Update: Due to low king salmon returns, the Alaska Department of Fish and Game has closed king salmon fishing in salt waters near the Anchor River and has closed all sport fishing in the Anchor River and Deep Creek. See further information below.
The Homer Spit was beginning to look like its old self again over the Memorial Day weekend when it hosted the bright smiles of first-time visitors, returnees and locals brave enough to negotiate the traffic.
The beach areas and docks were bristling with sport seekers armed with freshly oiled reels, new line, hooks and poles featuring unsnapped tips and functional eyelets not secured with Duct Tape, unlike the gear stuffed in the back of my pickup.
I’m not ashamed of my antique rigs and setups even though one of my line-flinging buddies claims it’s the reason I usually fish the dusky silver skies of night and the creeping red-gold of dawn.
Not true. That’s when the fish tend to get nasty and the fight’s on to see if my rod can make it another season without morphing into a short stick modeling a Gorilla-glued reel. Hey, 21 years and counting.
To change the subject, the kings continue to build a presence in the Nick Dudiak Fishing Lagoon.
Last week’s high tides gave a boot to their scaly butts and moved new arrivals inside.
They’ve been striking with the tide changes and when the sun seeks sanctuary for the evening or stretches its rays in the dawning hours.
They have a thing for taking a shot at silver bladed, blue bell, Vibrax spinners and other flashy paraphernalia such as orange beaded Flash and Glos with various flasher accents.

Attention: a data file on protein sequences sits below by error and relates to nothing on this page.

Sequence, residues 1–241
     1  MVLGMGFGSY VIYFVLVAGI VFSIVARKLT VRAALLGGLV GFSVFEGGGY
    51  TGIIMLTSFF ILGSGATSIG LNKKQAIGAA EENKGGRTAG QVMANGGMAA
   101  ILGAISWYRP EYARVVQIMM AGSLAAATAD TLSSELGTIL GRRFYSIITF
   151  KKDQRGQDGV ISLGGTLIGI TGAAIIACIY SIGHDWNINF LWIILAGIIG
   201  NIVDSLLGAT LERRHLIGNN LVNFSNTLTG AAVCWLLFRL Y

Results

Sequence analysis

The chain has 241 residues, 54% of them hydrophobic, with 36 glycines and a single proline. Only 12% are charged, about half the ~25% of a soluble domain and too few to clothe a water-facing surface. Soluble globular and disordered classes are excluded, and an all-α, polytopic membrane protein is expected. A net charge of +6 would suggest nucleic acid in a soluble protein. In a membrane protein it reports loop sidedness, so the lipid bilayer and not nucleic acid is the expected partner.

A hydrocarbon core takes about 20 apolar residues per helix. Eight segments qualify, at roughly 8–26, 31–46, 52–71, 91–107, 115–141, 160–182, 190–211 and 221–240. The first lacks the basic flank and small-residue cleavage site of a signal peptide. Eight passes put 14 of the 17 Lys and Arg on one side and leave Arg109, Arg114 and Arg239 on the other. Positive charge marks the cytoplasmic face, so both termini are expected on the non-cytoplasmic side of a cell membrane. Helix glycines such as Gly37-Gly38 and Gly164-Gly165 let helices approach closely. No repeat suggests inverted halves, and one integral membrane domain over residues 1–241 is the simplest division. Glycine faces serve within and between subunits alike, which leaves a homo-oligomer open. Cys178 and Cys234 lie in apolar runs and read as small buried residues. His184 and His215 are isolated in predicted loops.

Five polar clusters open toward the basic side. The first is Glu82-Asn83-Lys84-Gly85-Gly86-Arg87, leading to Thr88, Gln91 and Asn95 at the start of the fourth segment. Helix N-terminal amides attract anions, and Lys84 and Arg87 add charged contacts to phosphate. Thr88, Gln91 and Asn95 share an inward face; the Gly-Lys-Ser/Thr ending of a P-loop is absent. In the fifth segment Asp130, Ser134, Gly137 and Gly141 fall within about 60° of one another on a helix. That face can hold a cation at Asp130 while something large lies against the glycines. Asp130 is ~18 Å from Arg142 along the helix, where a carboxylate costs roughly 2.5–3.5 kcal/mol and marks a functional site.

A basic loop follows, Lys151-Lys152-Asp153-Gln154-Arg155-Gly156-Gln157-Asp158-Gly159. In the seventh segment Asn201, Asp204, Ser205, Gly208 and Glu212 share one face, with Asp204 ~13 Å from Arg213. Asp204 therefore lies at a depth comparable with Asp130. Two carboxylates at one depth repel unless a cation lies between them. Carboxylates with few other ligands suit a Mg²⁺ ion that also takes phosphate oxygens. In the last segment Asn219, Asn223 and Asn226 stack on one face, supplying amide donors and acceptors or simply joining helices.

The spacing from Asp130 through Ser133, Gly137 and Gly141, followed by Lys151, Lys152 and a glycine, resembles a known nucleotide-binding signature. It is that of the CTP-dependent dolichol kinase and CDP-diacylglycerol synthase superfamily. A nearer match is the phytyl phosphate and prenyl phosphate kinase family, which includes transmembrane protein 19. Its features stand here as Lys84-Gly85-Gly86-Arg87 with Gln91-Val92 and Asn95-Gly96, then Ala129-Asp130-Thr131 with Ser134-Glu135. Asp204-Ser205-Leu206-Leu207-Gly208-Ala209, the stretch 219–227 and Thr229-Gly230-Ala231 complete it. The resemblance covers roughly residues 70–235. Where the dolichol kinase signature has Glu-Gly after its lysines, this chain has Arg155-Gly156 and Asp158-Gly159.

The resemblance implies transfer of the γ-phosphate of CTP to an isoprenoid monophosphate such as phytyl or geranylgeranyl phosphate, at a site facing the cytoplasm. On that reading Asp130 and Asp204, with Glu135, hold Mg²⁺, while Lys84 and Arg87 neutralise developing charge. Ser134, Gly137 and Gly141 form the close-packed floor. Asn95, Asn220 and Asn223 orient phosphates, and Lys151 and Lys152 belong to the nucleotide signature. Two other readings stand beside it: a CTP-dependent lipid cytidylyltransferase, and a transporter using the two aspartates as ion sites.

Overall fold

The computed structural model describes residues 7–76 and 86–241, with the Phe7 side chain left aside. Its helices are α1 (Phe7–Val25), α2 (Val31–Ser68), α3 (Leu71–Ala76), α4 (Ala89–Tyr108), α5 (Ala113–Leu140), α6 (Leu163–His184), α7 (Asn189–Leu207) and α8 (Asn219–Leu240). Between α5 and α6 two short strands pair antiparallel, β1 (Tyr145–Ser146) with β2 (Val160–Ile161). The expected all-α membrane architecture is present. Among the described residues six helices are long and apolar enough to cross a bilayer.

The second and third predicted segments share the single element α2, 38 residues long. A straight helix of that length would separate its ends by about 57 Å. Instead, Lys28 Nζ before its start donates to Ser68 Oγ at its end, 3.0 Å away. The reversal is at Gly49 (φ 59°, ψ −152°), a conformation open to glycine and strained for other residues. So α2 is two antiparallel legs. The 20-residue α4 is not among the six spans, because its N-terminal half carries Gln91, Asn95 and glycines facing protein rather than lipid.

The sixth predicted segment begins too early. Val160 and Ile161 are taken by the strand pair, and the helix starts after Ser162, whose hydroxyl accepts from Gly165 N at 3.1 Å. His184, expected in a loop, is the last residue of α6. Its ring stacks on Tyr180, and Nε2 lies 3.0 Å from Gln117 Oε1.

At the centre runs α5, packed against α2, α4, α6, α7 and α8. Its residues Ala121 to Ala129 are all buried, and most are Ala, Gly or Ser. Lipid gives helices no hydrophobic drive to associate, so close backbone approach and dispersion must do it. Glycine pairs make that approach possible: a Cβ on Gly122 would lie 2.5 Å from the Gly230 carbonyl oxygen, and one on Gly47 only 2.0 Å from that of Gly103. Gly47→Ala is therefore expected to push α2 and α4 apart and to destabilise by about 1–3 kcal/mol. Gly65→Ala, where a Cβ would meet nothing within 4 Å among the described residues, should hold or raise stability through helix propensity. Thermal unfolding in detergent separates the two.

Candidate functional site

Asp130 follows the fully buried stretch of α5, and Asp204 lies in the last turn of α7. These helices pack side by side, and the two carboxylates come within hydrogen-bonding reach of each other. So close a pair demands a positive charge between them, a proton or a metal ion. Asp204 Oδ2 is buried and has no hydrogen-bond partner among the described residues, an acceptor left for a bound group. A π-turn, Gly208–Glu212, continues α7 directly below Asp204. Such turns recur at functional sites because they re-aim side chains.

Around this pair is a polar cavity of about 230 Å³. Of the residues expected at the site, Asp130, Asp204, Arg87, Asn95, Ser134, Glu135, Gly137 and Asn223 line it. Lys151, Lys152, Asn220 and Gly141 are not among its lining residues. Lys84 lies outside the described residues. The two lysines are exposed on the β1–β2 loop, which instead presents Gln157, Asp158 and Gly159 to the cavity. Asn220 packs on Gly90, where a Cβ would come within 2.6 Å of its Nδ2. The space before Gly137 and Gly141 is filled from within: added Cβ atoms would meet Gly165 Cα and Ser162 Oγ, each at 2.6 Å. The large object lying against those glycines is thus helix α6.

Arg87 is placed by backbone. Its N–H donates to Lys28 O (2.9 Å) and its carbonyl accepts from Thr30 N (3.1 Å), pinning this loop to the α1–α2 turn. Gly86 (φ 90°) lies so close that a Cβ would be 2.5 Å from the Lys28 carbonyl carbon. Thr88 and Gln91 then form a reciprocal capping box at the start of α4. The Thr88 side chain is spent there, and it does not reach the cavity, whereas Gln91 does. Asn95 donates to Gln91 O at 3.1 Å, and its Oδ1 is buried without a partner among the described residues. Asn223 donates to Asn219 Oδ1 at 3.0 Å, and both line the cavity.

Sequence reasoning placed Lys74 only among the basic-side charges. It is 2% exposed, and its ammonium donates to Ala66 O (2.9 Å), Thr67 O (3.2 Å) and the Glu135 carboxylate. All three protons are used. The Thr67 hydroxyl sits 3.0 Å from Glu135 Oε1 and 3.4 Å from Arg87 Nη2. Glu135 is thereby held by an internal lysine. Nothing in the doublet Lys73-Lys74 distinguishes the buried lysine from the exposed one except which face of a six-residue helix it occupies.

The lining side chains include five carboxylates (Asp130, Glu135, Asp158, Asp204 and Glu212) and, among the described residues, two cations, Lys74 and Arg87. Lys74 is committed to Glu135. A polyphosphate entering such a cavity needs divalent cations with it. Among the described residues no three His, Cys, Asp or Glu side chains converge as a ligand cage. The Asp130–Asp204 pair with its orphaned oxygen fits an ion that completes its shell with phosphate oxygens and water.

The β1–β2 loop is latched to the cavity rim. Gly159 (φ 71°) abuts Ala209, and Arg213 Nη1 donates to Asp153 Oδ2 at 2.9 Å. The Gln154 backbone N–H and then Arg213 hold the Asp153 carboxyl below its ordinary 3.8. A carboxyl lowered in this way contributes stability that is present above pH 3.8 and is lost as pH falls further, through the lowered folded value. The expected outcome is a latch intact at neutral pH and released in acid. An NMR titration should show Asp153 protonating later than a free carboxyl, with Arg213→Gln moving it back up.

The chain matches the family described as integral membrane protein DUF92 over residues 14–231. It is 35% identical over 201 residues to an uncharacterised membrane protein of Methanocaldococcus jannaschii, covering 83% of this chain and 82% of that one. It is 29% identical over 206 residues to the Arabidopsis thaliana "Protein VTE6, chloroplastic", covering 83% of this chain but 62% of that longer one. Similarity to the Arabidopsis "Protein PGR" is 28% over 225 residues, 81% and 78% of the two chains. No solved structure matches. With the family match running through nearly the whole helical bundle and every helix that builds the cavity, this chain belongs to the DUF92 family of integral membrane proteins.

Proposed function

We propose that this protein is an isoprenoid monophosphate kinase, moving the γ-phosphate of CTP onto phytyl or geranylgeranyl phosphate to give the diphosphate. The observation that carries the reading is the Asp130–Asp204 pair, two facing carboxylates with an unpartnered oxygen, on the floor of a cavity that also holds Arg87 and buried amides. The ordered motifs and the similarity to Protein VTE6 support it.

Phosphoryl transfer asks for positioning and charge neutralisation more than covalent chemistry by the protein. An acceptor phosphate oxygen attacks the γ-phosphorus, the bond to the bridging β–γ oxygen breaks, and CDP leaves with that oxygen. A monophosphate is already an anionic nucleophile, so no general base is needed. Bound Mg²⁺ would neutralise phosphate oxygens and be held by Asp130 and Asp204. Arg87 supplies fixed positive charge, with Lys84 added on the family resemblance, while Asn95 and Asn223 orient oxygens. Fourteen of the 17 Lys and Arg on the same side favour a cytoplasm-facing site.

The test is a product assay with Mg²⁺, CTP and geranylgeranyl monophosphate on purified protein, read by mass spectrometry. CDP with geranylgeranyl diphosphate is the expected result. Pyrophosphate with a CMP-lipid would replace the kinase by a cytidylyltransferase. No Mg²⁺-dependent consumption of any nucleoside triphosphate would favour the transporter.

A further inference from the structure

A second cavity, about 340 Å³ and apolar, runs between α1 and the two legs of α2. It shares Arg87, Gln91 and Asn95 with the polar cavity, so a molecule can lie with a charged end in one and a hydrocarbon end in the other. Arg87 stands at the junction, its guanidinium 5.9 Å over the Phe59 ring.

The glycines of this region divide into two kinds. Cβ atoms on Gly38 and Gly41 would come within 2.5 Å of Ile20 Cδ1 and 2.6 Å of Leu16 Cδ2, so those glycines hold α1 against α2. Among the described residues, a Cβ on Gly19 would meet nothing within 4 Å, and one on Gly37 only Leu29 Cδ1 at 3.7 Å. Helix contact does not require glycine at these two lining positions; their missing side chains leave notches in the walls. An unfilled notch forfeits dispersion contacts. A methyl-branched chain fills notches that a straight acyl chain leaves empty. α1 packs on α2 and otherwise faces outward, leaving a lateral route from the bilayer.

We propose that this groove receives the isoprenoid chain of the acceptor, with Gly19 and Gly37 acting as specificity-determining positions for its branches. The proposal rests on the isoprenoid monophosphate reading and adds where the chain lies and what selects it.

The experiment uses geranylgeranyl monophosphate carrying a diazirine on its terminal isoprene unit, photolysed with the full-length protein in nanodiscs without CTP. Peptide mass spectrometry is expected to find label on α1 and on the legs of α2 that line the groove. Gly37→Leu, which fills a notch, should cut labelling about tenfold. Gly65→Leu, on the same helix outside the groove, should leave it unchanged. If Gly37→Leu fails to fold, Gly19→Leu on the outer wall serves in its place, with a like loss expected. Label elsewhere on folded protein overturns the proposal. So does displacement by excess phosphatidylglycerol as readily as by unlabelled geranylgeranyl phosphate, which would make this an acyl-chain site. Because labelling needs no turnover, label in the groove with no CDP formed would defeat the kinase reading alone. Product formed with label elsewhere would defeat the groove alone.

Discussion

Of course, herring under a bobber remains a killer lure, especially when it’s plug-cut small enough for a king to chow down without fear of unhinging its jaw.
The semisecret, smack down, bait remains modest chunks of mackerel, also loitering a couple of feet below a bobber.
Remember, kings are notoriously light biters, so if your float submarines, let it run before setting the hook. I usually do a slow count to five to make sure the fish has committed and the hook will engage rather than be pulled away.
Suggestion: If you land one, quickly bleed the beast. Don’t leave it exposed on the bank to slow roast until only a seagull with a death wish would pick at the mush.
More about the lagoon later.
Now it’s time for the fishing report for the week of June 1.
The Ninilchik River will open to sport fishing on Saturday, June 5 through June 7. The kings have started to return to these streams in low numbers but should continue to improve over the next week.
As of May 31, only 90 kings have been counted compared to 214 by this time last year.
Update: On June 3, ADF&G issued a notice closing the Anchor River and Deep Creek drainages to all sport fishing effective 12:01 a.m. Saturday, June 5 through 11:59 p.m. Thursday, July 15, 2021.
“As of June 1, 2021, a total of 127 king salmon had been counted on the Anchor River using a combination of video weirs and sonar. By this date, in years when the Anchor River sustainable escapement goal (SEG: 3,800-7,600 king salmon) was not achieved, an average of 300 king salmon had been counted,” the notice read. “Based on the 2018-2020 Anchor River king salmon run timing, the escapement is projected to be less than 2,000 kings in 2021.”
“This year’s Anchor River king salmon run does not look strong enough to support further sport fishing opportunities this season,” stated Area Management Biologist Mike Booz in the notice. “Closing these streams to sport fishing, along with the nearshore closure in the Upper Cook Inlet salt waters, will give us the best chance of achieving the escapement goals.”
Thanks to Mother Nature’s watering her Kenai Peninsula gardens, the Anchor River and Deep Creek are experiencing high and muddy water conditions that will limit the effectiveness of gear. Hard to hit what you can’t see, so expect slow fishing. If things clear up, try size-5 spinners or small plugs to get a king’s strike blood up. See emergency order 2-KS-7-09-21 regarding fishing gear restrictions later.